The end of apartheid had a profound impact on Yeoville and Bellevue. In the early 1990s, Rockey Street remained a hotbed of radicals, activists, artists and musicians. Journalists from around the world lived and worked there during the transition, and places like Ba-Pita, the Harbour Cafe, Coffee Society, Tandoor and many others attracted large numbers of visitors.
However, in the hiatus period between 1990 and 1994, as South Africa's political opponents went through alternating bouts of negotiation and confrontation, and after 1994, urban management went into decline. Added to this, there began a dramatic demographic shift, with the population of Yeoville changing from 85% white in 1990 to 90% black in 1998. The flight of whites out of the area in some ways gave the lie to the apparently liberated nature of the area in the 1980s. While seemingly non-racial in that period, the area was still definitely under the 'control' of the white population. But after 1990, many realised that that control was gone and the period of white flight began. The trendy types moved to newly emerging night spots like Melville, while the majority of the Jewish population moved north to Sydenham and Glenhazel.
The death knell for that period was also the death of a black Jamaican. Ridley Wright had married a South African exile and returned with her after 1990. He was owner of Crackers Deli, a popular cafe, and head of the Yeoville Trader's Association. In an altercation with a street corner drug dealer, he was fatally stabbed. It was downhill from there and by 2000, all of the shops and restaurants that gained fame in the 1980s were gone or transformed unrecognisably. The lack of effective urban management also saw the area entering a period of rapid urban decay and neglect, caused in part, by the new local government having to share what were resources for the previously-whites only areas with neglected black areas like Soweto and Alexandra. Added to this, banking groups, unnerved by the change and worried about their money, 'red-lined' the area, refusing to grant 100% mortgages to prospective home-owners in the area, most of whom were black. This meant that the proportion of rental to owner housing stock changed, with a far greater number of people renting than owning. The majority of these are black South Africans from all over the country and increasing numbers of immigrants from all corners of Africa. Renting was not cheap and the relative poverty of tenants in these properties meant that many overcrowded the property so as to share the rental with a greater number of people. The result was neglect of and damage to the properties and an overloading of the infrastructure of the area.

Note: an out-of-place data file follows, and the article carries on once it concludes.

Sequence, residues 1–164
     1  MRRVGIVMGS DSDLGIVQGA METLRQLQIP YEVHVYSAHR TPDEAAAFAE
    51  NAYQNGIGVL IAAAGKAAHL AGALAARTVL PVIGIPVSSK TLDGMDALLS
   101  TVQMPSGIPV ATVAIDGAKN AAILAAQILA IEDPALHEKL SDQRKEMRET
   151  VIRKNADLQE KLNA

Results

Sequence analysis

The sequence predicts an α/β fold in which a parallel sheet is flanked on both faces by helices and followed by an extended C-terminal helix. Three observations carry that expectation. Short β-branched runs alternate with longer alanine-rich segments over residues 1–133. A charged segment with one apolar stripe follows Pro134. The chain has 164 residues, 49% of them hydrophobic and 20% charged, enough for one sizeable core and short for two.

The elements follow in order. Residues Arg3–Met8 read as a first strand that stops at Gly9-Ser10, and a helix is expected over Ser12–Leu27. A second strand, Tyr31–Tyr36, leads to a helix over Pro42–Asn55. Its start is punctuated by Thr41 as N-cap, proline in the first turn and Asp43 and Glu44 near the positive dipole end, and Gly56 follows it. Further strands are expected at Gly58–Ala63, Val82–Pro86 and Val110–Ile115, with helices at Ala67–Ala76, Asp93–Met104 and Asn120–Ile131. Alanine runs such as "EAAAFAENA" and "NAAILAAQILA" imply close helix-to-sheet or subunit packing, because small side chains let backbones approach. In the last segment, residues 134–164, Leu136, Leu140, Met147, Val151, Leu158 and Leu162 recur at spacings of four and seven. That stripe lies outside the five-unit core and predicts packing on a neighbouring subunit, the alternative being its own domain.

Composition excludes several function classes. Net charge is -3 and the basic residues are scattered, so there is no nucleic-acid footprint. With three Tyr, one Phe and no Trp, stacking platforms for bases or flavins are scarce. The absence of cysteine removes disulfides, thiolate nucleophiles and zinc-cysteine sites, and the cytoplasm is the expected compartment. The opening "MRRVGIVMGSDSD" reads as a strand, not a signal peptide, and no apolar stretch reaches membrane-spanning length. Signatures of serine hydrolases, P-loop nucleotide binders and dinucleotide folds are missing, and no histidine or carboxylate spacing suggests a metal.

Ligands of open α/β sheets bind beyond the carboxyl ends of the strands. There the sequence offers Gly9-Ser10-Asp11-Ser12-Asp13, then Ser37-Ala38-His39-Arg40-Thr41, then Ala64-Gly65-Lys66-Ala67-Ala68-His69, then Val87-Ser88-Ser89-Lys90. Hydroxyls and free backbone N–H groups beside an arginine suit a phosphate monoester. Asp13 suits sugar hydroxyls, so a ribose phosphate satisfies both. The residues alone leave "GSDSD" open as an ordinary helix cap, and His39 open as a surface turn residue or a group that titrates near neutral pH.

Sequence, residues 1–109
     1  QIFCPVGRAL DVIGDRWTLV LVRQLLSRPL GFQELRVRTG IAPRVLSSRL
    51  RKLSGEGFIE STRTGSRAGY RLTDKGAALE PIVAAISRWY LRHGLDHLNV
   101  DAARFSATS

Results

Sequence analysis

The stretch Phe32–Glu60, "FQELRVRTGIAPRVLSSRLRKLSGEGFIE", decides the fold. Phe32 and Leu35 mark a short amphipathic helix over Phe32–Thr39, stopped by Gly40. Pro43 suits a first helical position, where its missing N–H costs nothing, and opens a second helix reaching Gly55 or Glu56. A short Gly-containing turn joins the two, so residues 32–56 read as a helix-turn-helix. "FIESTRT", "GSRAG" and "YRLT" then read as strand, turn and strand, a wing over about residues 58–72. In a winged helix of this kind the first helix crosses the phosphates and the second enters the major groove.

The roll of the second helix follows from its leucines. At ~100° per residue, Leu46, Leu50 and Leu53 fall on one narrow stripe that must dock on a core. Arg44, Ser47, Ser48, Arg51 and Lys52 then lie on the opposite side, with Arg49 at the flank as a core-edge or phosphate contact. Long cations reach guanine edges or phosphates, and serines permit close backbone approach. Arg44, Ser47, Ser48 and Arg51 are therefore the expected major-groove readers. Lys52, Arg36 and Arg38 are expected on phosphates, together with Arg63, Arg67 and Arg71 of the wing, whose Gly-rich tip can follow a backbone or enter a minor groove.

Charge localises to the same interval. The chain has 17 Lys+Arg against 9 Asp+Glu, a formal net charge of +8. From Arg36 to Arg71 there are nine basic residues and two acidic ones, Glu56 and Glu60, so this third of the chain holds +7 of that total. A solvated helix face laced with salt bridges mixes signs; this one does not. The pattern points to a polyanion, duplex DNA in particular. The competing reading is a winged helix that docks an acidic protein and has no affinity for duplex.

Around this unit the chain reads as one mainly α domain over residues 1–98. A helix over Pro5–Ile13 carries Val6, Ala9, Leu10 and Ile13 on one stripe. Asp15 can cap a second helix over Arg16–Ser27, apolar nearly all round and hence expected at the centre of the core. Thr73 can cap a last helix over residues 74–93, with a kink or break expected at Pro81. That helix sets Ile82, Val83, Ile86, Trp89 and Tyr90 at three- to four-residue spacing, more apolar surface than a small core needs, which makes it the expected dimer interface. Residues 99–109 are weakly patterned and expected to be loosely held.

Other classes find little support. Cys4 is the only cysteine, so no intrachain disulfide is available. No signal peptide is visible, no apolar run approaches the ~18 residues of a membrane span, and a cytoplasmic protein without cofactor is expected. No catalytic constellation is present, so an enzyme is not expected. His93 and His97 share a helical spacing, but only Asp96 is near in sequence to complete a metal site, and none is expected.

Yeoville is once again a community of migrants, mostly economic migrants from all over the country and the rest of Africa. It is a vibrant, colourful, often chaotic pan-African area.
Community organisations and individuals have been working since 1995 to try to arrest the decay and influence the socio-economic future of the area. As a result of their efforts, Yeoville is currently undergoing some major upgrading including the physical regeneration of Rockey Raleigh Street through the replacement of all paving and the installation of two tier lights to make the streets brighter and safer. The park has been upgraded and the library is being moved to bigger and better premises. CCTV cameras have been installed on five intersections as an attempt to reduce incidences of crime. Entrepreneurs are also showing interest in the commercial properties in Rockey Raleigh St which may result in an economic revival.
Due to sometimes over-inflated house prices elsewhere in Johannesburg, Yeoville is slowly attracting middle-income groups again which is beginning to put the brakes on urban decay. The local authority has recognised that Yeoville and Bellevue, together with the rest of the inner city, are in need of special attention. In 2007, the City of Johannesburg signed an Inner City Charter with property owners, business people and community organisations, committing themselves to improved urban management and bylaw enforcement. The fruits of this agreement are beginning to be seen.
- "Sub Place Yeoville". Census 2011.